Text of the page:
The few tropical sites that have reported CUE tend to produce estimates within the range 0.30–0.40, both in Amazonia and in Asia (Table 1). This also seems to apply to tropical montane forest sites, which have a cooler mean temperature. It may be that old-growth systems have higher biomass maintenance and defensive costs that raise respiration rates (De Lucia et al. 2007). Part of the difference may simply be related to variation in CUE with life stage. It is likely that young trees allocate more carbon to NPP as they compete spatially for light and nutrients, but older trees invest more in maintenance of their large existing biomass, and perhaps also give greater priority to maintenance of chemical defence of existing biomass relative to acquisition of new biomass. The demography of forest stands recovering from disturbance, or in the more productive and high turnover steady state found on more fertile sites, would tend towards younger, faster growing trees and hence towards higher CUE. Another possibility that has been raised is that tropical ecosystems have excess carbon supply due to plentiful light in the upper canopy and insufficient nutrient availability, and release much of this excess carbon in ‘idling respiration’, waiting to reallocate it if a rapid increase in NPP is needed in the wake of a disturbance (Chambers et al. 2004). The former hypothesis suggests that differences in tree demography explain differences in CUE, and the latter suggests individual trees can alter their CUE in response to disturbance. It should be possible to explicitly test these alternative hypotheses with future field studies.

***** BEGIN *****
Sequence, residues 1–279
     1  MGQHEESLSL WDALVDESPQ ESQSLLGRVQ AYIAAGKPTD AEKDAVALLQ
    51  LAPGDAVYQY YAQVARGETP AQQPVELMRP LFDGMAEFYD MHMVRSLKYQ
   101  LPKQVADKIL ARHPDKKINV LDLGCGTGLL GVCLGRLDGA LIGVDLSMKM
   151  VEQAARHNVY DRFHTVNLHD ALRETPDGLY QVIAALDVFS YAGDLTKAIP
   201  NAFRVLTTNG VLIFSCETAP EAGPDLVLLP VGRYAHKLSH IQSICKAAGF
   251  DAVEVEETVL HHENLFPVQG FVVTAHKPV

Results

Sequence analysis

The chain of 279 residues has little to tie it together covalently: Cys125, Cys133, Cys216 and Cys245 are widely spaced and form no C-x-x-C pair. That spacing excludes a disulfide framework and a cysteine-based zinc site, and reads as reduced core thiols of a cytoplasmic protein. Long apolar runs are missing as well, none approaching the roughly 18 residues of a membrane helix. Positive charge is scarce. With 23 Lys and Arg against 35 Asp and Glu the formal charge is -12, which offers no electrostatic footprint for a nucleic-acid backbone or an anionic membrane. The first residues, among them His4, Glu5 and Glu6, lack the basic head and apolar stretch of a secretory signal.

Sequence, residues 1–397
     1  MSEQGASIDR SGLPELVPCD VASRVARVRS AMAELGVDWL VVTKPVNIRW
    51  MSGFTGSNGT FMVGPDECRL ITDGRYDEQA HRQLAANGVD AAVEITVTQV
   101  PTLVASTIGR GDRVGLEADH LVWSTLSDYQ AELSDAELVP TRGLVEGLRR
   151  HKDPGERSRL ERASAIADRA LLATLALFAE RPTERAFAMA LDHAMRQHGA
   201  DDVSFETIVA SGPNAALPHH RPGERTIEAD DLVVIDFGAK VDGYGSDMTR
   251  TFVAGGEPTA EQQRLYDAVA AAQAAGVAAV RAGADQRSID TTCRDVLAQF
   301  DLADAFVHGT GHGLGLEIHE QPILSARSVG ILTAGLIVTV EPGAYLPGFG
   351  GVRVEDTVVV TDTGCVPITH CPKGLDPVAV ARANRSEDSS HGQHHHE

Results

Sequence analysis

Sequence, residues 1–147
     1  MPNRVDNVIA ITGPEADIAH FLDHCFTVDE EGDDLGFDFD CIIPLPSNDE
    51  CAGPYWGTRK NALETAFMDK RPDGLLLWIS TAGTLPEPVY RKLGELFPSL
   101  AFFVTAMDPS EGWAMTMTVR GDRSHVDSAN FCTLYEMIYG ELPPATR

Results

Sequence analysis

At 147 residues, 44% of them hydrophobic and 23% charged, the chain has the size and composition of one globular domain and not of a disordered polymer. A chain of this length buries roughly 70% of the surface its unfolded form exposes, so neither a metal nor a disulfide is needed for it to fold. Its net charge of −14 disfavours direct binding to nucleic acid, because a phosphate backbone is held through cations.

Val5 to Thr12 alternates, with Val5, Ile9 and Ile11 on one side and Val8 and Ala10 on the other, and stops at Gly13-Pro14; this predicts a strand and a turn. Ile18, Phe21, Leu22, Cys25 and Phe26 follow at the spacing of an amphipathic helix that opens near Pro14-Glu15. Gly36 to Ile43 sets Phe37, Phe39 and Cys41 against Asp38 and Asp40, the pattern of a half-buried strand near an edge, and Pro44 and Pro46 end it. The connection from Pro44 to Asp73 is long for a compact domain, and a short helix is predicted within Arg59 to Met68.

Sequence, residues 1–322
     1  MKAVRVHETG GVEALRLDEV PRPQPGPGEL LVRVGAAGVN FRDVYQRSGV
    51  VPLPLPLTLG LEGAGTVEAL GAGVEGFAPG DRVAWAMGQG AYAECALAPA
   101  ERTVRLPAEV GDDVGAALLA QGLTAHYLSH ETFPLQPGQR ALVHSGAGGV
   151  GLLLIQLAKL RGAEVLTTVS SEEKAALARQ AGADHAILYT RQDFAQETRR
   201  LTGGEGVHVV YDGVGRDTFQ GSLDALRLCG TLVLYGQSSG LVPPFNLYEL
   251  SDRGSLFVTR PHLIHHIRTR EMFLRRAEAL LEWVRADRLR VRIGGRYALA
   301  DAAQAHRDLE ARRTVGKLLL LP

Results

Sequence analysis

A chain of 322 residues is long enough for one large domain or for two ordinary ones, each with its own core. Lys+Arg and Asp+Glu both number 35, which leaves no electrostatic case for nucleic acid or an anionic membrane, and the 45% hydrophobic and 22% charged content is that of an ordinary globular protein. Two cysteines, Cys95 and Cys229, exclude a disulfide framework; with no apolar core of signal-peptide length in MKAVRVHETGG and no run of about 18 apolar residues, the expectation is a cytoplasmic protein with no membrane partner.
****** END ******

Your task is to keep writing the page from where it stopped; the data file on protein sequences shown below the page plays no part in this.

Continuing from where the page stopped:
Net primary productivity and its allocation